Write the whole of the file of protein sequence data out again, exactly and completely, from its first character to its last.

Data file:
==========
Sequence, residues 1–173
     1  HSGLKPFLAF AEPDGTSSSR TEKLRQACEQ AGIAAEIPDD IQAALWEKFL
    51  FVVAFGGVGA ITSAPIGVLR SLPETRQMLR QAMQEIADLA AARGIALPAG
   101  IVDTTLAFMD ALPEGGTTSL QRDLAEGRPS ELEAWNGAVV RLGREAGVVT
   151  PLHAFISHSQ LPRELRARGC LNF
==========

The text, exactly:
Sequence, residues 1–173
     1  HSGLKPFLAF AEPDGTSSSR TEKLRQACEQ AGIAAEIPDD IQAALWEKFL
    51  FVVAFGGVGA ITSAPIGVLR SLPETRQMLR QAMQEIADLA AARGIALPAG
   101  IVDTTLAFMD ALPEGGTTSL QRDLAEGRPS ELEAWNGAVV RLGREAGVVT
   151  PLHAFISHSQ LPRELRARGC LNF